#TuesdayBookBlog ~ Annie’s Choice by Anita Dawes #BackwaterFiction

Family or freedom, which would you choose?
Life in the backwoods of Virginia at the turn of the century was perfect,
until Annie discovers a nasty family secret.
Something her family have been doing for years.
She knows she cannot live like this, but her protests fall on deaf ears.
Her struggle to change everything only makes life so much worse,
Forcing her to try and escape…
Annie’s song echoes through the mountains
Her sorrow falls with every drop of rain
Pieces of her heart lie scattered throughout the forest
Will her footsteps lead her to the freedom she seeks?

Excerpt from Annie’s Song

Pa and Nathan left in the truck and it was another hour before they brought Josh’s body home. I know it don’t seem right to say it, but I wasn’t feeling sad that he was dead. Just worried as to how he got that way. Josh was no fool. He knew how to bring a tree down without killing himself.

Watching the truck coming towards us seemed to take forever, like Pa was going deliberately slow. We waited for Pa to get out of the truck and I could see from his dirt streaked face it weren’t good. Nathan’s face looked worse.

Ma tried to stop me running to the truck but couldn’t hold me. I climbed on the back and didn’t see Nathan getting out. Suddenly he was there beside me. I remember kneeling and touching the blue check shirt that covered Josh’s face. I remember the touch of Nathan’s hand on mine and the gentle way he said, ‘Don’t look, Annie please. Just let Pa bury him.’

I had to see for myself, had to know if it was the tree falling on him that killed him. My eyes were wet, but the tears wouldn’t fall. I pulled the shirt back and a scream tore at my throat, trying to find a way out. No sound came as I looked at what was left of his face, dark gaping holes looking back at me. Gone were his blue grey eyes, the very thing I liked most about him had been gouged away.

His face was scratched and torn and bloody. Dried blood matted his hair and dead leaves stuck to him. Nathan tried to take me away, saying I’d seen enough. I felt myself being lifted slowly from my knees, and as Nathan carried me away, and that’s when my brain registered what it had seen. The torn flesh on his face hadn’t been caused by the fall. The skin standing away from the bone and the dried blood made it hard to read, that’s why my mind didn’t see it right off. They’d cut Pa’s name down one side of his face, as if taking his eyes weren’t enough. The scream that wouldn’t come before finally broke and shut down my brain like an axe blow.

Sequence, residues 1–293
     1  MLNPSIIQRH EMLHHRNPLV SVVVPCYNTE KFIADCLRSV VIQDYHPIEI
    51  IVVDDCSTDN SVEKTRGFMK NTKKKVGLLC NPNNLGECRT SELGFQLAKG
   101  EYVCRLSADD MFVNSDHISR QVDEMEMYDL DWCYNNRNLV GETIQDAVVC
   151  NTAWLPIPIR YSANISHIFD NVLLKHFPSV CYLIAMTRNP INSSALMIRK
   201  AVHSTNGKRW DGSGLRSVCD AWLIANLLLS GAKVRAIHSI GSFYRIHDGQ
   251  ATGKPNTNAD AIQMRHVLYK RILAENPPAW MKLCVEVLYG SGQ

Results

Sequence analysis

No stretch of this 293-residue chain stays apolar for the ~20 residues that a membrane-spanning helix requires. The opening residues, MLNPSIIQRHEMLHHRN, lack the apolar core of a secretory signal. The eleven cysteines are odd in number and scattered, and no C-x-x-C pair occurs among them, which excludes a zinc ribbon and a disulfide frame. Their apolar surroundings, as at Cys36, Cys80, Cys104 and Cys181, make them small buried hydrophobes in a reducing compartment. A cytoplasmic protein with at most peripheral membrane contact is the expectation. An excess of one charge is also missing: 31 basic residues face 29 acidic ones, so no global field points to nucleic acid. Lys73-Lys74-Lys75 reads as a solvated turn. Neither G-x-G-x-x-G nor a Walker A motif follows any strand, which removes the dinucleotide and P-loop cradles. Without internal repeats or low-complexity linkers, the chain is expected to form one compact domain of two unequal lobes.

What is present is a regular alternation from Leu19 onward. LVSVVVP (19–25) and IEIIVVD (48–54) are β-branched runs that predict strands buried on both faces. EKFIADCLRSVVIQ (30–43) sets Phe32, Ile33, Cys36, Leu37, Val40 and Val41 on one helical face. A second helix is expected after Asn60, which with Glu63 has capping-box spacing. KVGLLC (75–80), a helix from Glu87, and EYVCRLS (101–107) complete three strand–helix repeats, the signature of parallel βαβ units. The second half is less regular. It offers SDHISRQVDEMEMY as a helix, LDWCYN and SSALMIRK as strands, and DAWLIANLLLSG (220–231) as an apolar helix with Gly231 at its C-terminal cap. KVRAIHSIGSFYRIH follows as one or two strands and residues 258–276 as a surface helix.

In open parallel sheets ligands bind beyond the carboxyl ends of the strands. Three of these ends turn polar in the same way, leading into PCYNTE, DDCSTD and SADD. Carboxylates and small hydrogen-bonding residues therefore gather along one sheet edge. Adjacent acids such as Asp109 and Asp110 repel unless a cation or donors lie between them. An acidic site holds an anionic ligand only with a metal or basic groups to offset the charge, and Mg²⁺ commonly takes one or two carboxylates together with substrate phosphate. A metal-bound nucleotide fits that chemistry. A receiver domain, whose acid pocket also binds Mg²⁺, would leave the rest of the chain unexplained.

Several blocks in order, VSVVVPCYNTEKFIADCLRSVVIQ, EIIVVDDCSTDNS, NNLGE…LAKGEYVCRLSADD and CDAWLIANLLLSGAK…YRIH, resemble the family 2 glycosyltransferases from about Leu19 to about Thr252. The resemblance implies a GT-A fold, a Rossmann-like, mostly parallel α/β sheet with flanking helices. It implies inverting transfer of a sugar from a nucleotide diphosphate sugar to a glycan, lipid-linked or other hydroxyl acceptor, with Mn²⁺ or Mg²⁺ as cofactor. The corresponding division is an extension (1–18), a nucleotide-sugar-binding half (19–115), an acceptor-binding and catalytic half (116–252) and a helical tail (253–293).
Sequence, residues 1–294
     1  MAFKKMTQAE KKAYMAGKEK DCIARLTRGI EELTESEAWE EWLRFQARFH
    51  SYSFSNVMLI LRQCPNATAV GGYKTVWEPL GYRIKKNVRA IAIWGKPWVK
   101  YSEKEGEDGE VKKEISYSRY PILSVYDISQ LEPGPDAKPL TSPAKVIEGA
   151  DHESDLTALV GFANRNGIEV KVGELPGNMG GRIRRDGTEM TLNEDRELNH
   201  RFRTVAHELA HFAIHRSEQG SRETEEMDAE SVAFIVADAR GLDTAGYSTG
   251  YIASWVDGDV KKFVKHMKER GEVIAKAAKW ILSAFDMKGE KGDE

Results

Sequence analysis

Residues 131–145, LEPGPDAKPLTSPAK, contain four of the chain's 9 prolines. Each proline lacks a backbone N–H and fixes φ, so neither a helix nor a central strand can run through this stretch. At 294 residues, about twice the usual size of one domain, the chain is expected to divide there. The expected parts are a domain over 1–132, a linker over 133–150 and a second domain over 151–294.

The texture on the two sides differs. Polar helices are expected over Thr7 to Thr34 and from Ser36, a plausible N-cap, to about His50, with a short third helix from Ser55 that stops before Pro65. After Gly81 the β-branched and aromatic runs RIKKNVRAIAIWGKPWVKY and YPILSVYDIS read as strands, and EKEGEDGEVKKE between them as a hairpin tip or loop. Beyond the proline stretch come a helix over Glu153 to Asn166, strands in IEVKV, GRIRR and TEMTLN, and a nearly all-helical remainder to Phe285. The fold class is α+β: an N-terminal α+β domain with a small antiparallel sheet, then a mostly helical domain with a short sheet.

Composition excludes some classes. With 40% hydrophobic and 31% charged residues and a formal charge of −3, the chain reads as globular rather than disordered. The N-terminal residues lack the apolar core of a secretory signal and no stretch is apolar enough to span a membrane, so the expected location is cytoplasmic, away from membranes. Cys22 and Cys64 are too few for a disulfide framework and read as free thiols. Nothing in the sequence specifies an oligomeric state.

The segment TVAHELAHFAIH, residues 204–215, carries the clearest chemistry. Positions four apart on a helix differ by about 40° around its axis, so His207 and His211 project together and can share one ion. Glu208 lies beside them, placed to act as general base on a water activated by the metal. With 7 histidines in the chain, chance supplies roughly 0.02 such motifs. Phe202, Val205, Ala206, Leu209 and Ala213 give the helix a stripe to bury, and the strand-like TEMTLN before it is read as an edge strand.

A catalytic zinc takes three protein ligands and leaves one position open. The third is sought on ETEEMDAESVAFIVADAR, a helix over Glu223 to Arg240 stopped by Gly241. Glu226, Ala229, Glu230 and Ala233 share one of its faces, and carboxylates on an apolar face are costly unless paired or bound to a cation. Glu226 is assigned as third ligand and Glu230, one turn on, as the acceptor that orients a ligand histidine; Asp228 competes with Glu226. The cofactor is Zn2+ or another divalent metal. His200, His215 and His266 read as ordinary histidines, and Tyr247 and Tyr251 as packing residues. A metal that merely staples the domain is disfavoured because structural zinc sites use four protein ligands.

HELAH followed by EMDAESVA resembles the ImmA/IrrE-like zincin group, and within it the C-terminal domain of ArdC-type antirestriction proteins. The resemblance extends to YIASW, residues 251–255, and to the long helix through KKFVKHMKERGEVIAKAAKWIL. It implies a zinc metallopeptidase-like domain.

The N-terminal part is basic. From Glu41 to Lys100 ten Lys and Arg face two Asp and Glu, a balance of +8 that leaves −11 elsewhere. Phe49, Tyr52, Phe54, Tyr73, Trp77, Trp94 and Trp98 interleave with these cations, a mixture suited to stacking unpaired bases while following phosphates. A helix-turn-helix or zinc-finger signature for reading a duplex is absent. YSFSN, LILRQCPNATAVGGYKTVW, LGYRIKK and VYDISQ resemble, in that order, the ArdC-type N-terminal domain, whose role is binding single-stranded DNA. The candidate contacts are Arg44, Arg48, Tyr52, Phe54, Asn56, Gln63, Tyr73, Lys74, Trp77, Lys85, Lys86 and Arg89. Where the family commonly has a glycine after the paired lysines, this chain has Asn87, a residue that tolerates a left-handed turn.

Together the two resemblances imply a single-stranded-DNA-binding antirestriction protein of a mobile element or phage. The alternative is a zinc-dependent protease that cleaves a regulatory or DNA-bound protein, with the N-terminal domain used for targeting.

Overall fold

Pa climbed on the truck and covered Josh before Ma could see him. Lifting the body, he carried him to the barn like a baby. We buried him under the big old tree at the back of the barn. We all stood there not saying a word and I closed my eyes. I could still see him and was sorry I hated him most of the time. Ma’s eyes were red from crying, I heard her whisper, ‘Goodbye, Josh,’ before she turned and went back to the cabin.

Nathan followed her, but Pa stood a while longer before leaving me there to say my own farewell. There weren’t much to say and no one to tell of his going. I smoothed the ground where he lay and wrote his name in the freshly turned earth, knowing there’d be no marker and the grass would soon grow again and cover him like a blanket…

Now in paperback… and on Goodreads and Smashwords

#Colleen’s Weekly #Poetry Challenge

Colleen’s 2020 Weekly #Tanka Tuesday #Poetry Challenge No. 186 #SynonymsOnly


Anita Dawes picked the two words for you to choose your synonyms from. Opposites are so fun to work with. I can’t wait to see what you come up with!

Here are your two words:


Upon me
By evil eye
Sacred ground I seek
Holy blessings I need
With consecrated water
Sorcery follows dark footsteps
Leading me by bewitching shadows
To bury this black curse on hallowed ground…

©anitadawes 2020

This was just what Anita needed right now, as she battles her way back to health, and I would like to thank Colleen personally for choosing Anita for this weeks words!

Nymphs and Chimney Sweeps.

Tallis Steelyard

Nymphs and chimney sweeps

It has to be confessed that as a child, Maljie was often short of money. Still she did what she could to remedy this, but was wise enough to realise that blackmailing older siblings was not a sustainable business model.

Thus one particularly hot summer she got the idea of having a pool. Given that it hadn’t rained for a month and the sun had beat down, day after day, this was an entirely reasonable plan. Indeed, rather than the regimented straight lines and harsh stonework of a formal bathing establishment, one suspects that Maljie had in mind a more sylvan scene. Thus she picked a time when her mother was out and enlisted her co-conspirators to start digging in a flower bed.

Now there is logic in this. Most of Port Naain is built on clay (or at least dried mud). So any hole dug should automatically hold water…